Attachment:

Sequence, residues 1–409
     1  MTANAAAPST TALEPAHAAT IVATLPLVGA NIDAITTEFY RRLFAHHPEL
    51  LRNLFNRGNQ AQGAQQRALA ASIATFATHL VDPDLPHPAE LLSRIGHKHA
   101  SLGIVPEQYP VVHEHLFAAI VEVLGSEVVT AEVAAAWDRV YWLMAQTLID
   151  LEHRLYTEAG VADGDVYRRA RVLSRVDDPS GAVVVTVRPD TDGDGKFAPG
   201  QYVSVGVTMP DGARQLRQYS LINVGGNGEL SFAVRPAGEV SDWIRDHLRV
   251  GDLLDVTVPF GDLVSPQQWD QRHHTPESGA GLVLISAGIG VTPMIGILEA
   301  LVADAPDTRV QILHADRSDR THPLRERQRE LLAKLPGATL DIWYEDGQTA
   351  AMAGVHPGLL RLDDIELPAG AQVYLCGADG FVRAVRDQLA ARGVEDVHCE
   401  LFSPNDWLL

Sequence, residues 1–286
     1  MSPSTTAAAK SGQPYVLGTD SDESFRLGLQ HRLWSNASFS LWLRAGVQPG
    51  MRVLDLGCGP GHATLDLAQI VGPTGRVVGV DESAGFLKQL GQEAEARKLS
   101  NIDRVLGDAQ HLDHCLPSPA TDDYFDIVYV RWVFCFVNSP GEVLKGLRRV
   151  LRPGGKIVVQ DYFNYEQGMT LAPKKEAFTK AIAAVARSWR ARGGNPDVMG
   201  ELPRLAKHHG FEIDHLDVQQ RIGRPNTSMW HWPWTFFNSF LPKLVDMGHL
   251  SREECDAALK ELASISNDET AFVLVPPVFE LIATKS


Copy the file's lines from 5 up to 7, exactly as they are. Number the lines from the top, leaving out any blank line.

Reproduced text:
   151  LEHRLYTEAG VADGDVYRRA RVLSRVDDPS GAVVVTVRPD TDGDGKFAPG
   201  QYVSVGVTMP DGARQLRQYS LINVGGNGEL SFAVRPAGEV SDWIRDHLRV
   251  GDLLDVTVPF GDLVSPQQWD QRHHTPESGA GLVLISAGIG VTPMIGILEA